Mitotically active cellular fibroma (ovary)



What is a mitotically active cellular fibroma?

A mitotically active cellular fibroma is a non-cancerous type of ovarian tumour. It develops from the stromal cells normally found inside the ovary. These tumours can range in size from less than 1.0 cm to over 20 cm. Large mitotically active cellular fibromas can cause symptoms such as pain or abdominal pressure. It is called a ‘mitotically active cellular’ fibroma because the number of mitotic figures (dividing tumour cells) and the density of tumour cells (the number of tumour cells in a given area) are higher compared to the more common ovarian fibroma.

Continue reading to learn more about your pathology report for mitotically active cellular fibroma.

The ovary

The ovaries are part of the female reproductive tract. They are small organs that are attached to the uterus by the fallopian tubes. The outer surface of the ovary is lined by a thin layer of specialized tissue that forms a barrier around the outside of the ovary called the epithelium. The tissue below the epithelium is called the stroma. The stroma cells support the ovary by producing hormones and specialized proteins that hold the tissue together.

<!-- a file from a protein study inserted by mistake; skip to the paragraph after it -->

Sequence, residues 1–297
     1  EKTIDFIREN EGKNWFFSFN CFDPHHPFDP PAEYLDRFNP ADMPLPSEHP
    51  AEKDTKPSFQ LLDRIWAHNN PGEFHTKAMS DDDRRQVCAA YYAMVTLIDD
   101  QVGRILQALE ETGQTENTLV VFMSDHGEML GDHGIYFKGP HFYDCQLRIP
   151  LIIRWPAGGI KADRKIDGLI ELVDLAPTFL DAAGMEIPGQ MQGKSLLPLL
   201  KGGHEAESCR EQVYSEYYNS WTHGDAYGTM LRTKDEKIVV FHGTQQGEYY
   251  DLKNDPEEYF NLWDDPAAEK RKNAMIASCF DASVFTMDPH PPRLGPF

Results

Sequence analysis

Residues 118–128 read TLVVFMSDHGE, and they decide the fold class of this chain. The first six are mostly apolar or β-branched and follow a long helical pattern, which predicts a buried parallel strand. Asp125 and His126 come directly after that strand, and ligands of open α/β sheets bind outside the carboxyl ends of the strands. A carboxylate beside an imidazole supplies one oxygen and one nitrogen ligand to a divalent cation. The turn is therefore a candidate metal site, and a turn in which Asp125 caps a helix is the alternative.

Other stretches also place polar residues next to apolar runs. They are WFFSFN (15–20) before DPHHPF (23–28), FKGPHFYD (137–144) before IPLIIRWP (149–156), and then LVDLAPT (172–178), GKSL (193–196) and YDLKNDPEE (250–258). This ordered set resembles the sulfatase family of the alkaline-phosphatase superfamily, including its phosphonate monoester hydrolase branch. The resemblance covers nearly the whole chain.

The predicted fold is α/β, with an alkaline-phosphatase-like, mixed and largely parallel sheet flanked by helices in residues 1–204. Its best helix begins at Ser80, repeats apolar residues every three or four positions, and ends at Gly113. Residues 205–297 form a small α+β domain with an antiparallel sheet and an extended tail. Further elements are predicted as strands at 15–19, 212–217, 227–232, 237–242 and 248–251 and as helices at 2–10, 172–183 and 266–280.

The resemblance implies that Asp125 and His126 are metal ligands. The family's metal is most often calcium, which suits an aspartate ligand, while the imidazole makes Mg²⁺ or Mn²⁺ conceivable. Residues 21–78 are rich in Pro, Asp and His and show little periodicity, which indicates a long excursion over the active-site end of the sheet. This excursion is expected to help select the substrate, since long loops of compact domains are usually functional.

How do pathologists make the diagnosis of mitotically active cellular fibroma?

The diagnosis of mitotically active cellular fibroma is usually made after the entire ovary is surgically removed and sent to a pathologist for examination under the microscope. Microscopically, the tumour is made up of long thin cells called spindle cells. The spindle cells are usually arranged in branching groups called fascicles and are surrounded by dense connective tissue that may be described as hyalinized or fibrotic. In contrast to the more common ovarian fibroma, this tumour contains an increased number of mitotic figures (tumour cells dividing to create new tumour cells) and an overall higher density of tumour cells (the number of tumour cells in a given area of tissue). Large tumours or those that have been present for a long time may undergo a series of degenerative changes including hemorrhage (bleeding into the tumour) and infarct-type necrosis (cell death as a result of decreased blood flow).

Your pathologist may perform a test called immunohistochemistry to confirm the diagnosis. When immunohistochemistry is performed, the tumour cells in a mitotically active cellular fibroma are often positive for inhibin, calretinin, WT1, and the hormone receptors estrogen receptor (ER) and progesterone receptor (PR).

by Jason Wasserman MD PhD FRCPC (updated February 9, 2022)
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